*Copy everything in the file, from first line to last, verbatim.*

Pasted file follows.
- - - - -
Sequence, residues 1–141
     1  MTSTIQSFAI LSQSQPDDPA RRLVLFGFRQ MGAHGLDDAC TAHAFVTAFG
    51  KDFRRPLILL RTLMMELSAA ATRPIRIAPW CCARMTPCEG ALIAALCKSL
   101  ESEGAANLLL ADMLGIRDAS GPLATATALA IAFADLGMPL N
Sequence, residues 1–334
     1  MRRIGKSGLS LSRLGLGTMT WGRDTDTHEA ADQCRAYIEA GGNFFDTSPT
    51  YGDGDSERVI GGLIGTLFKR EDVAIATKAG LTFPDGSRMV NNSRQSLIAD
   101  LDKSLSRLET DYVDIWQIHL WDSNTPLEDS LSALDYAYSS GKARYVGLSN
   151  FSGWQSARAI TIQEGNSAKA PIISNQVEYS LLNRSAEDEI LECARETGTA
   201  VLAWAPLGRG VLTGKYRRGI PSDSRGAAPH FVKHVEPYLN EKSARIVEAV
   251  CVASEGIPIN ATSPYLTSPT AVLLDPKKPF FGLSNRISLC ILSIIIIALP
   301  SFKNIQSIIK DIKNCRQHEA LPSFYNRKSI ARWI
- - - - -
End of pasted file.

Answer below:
Sequence, residues 1–141
     1  MTSTIQSFAI LSQSQPDDPA RRLVLFGFRQ MGAHGLDDAC TAHAFVTAFG
    51  KDFRRPLILL RTLMMELSAA ATRPIRIAPW CCARMTPCEG ALIAALCKSL
   101  ESEGAANLLL ADMLGIRDAS GPLATATALA IAFADLGMPL N
Sequence, residues 1–334
     1  MRRIGKSGLS LSRLGLGTMT WGRDTDTHEA ADQCRAYIEA GGNFFDTSPT
    51  YGDGDSERVI GGLIGTLFKR EDVAIATKAG LTFPDGSRMV NNSRQSLIAD
   101  LDKSLSRLET DYVDIWQIHL WDSNTPLEDS LSALDYAYSS GKARYVGLSN
   151  FSGWQSARAI TIQEGNSAKA PIISNQVEYS LLNRSAEDEI LECARETGTA
   201  VLAWAPLGRG VLTGKYRRGI PSDSRGAAPH FVKHVEPYLN EKSARIVEAV
   251  CVASEGIPIN ATSPYLTSPT AVLLDPKKPF FGLSNRISLC ILSIIIIALP
   301  SFKNIQSIIK DIKNCRQHEA LPSFYNRKSI ARWI